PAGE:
Click on the Layer Styles icon at the bottom of the Layers panel:

The Layer Styles icon in the Layers panel
Clicking the Layer Styles icon.

Then choose Blending Options from the top of the list:

Choosing Blending Options from the Layer Styles menu
Choosing "Blending Options" from the Layer Styles menu.

Step 4: Turn Off The Green And Blue Channels

This opens Photoshop's Layer Style dialog box with the blending options in the middle column. In the Advanced Blending section, look for the Channels option, with checkboxes for R, G and B:

The Channels option in the Layer Style dialog box
The Channels option in the Layer Style dialog box.

The "R", "G" and "B" stand for Red, Green and Blue, which are the three primary colors that mix together to make up every other color we see in the image. Photoshop mixes these primary colors using channels. There's a channel for red, a channel for green, and a channel for blue. To create our retro 3D effect, we need to turn off the green and blue channels on our "3D" layer. To do that, uncheck the G and B boxes, leaving only the red channel selected. Then, click OK to close the Layer Style dialog box:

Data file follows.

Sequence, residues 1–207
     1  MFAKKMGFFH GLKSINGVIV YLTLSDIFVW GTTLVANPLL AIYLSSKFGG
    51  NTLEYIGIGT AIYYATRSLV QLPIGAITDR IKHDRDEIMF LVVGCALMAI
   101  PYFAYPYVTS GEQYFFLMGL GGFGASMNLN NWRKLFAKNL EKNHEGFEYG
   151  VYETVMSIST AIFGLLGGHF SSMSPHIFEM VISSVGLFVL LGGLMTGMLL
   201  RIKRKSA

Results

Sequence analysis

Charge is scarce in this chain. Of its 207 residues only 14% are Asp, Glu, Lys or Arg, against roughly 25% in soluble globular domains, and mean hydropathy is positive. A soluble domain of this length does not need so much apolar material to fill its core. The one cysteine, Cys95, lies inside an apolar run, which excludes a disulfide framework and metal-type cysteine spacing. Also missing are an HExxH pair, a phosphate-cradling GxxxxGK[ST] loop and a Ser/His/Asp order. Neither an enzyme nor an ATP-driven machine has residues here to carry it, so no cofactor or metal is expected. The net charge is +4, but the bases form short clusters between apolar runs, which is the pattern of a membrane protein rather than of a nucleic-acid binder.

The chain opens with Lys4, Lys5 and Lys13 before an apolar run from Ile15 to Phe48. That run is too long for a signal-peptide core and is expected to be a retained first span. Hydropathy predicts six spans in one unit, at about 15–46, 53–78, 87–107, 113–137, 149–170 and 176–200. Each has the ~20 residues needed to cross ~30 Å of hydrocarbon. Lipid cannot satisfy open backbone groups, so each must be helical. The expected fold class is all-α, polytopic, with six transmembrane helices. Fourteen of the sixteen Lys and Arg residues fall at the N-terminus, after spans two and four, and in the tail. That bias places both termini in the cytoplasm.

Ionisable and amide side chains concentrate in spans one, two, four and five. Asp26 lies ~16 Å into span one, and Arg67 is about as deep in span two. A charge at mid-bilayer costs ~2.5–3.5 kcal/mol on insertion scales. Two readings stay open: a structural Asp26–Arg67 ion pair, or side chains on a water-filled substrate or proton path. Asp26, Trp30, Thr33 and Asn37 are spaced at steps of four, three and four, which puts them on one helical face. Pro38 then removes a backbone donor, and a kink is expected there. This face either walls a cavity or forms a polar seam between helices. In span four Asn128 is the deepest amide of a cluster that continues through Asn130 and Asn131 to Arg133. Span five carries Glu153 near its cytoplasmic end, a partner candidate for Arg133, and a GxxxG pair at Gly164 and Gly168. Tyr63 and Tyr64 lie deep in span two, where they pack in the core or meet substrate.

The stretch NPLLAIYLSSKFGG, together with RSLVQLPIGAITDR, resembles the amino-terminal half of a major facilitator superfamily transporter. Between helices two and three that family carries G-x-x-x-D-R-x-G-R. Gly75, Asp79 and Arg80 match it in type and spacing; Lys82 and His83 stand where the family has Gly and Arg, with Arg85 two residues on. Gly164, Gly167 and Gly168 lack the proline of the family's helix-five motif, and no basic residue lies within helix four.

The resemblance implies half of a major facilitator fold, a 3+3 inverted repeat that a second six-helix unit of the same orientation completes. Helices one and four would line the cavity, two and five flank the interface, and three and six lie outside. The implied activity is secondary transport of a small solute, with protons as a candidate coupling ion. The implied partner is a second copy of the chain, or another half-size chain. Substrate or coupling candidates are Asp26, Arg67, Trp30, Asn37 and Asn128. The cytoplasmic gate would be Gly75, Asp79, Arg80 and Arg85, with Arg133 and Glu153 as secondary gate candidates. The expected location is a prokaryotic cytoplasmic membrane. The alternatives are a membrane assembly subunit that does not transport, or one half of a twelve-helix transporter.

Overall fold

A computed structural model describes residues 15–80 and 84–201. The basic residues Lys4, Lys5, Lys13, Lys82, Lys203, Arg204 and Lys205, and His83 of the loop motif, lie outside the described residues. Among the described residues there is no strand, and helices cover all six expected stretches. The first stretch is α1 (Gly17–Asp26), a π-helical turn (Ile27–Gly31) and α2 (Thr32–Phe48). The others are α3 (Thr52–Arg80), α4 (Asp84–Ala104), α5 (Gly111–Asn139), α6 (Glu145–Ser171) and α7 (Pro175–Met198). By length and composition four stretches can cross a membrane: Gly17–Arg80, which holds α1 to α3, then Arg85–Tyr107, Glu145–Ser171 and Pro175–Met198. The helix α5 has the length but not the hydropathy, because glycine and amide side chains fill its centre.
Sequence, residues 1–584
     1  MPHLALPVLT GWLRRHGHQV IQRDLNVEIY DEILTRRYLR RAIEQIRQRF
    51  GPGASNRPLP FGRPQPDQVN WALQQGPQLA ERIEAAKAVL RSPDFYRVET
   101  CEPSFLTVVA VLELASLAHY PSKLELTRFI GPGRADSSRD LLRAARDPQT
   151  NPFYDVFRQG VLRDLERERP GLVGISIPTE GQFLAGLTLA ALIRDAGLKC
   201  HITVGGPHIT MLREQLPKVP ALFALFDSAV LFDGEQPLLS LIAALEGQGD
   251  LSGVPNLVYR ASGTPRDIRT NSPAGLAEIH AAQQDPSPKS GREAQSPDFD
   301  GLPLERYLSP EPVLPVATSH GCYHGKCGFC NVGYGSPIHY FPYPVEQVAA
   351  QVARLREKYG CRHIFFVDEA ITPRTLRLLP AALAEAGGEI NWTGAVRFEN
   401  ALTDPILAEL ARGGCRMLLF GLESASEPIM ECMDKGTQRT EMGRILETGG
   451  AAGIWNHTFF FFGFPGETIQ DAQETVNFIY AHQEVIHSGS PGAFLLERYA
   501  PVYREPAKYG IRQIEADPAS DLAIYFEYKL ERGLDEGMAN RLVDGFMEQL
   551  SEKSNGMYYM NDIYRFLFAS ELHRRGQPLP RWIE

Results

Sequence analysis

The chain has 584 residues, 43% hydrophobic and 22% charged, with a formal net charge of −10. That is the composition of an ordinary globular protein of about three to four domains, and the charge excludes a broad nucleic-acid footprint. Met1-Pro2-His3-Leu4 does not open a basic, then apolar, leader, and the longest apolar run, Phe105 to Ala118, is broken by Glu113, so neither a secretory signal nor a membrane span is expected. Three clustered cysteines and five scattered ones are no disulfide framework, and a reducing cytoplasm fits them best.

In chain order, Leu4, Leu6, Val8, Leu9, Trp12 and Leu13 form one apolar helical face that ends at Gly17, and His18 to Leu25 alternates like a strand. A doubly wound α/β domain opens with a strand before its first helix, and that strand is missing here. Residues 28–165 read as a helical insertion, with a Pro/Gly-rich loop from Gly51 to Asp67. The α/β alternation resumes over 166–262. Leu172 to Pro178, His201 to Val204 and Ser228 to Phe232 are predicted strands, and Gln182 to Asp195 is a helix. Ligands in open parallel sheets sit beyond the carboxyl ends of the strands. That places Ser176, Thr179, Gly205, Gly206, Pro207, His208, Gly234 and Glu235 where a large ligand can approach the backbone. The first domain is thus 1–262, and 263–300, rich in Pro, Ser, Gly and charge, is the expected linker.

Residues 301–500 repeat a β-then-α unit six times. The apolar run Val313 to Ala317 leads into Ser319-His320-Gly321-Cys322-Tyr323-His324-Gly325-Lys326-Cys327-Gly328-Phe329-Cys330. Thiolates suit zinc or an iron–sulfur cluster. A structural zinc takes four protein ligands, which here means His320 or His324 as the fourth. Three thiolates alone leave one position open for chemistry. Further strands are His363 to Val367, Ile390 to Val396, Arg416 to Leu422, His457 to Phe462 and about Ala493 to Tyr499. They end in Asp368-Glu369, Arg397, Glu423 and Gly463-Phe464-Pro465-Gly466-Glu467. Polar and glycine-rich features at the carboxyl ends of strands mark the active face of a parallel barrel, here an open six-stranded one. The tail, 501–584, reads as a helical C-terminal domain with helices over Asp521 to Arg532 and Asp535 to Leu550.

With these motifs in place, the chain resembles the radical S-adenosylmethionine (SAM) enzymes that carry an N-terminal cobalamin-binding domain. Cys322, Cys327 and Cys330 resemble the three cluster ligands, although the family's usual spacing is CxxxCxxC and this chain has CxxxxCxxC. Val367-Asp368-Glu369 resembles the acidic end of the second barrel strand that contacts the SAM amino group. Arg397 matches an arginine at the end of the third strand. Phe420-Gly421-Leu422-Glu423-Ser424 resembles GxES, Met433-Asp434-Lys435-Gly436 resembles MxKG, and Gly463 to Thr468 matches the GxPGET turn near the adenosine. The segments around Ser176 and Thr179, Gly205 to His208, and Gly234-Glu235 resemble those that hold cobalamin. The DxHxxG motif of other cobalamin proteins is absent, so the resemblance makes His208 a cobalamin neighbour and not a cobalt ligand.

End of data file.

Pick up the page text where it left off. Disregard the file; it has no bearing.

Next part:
Turning off the red and blue channels
Turning off the green and blue channels.

To see what's happened, hide the Background layer for a moment by clicking its visibility icon in the Layers panel:

Clicking the visibility icon for the Background layer
Clicking the visibility icon for the Background layer.

With the Background layer hidden and only our "3D" layer visible, we see that with the green and blue channels turned off, the image on the layer appears only in red:

Clicking the visibility icon for the Background layer
Clicking the visibility icon for the Background layer.

Click the same visibility icon again to turn the Background layer back on:

Clicking the empty box to turn on the Background layer
Clicking the empty box to turn on the Background layer.

And now we're back to seeing the full color image:

The image has returned to full color
The full color image returns.

Step 5: Select The Move Tool

At this point, to create our retro 3D effect, all we need to do is offset the image on the "3D" layer so that it's out of alignment with the image below it. To do that, select the Move Tool from the Toolbar:

Selecting the Move Tool in Photoshop
Selecting the Move Tool.

Step 6: Nudge The Image To The Left

Then, with the "3D" layer selected in the Layers panel, use the left arrow key on your keyboard to nudge the image on the layer towards the left. As you do, you'll see a red outline appearing along one side of each object in the image. And because cyan, the other color used in those retro 3D glasses (even though everyone calls it blue) is the opposite of red, a cyan outline appears along the other side, creating our 3D effect! The further you move the image, the thicker the red and cyan outlines will appear, so adjust the effect until you're happy with the result:

The final retro 3d movie effect in Photoshop
Nudge the image on the "3D" layer to the left to create the "retro 3D movie" effect.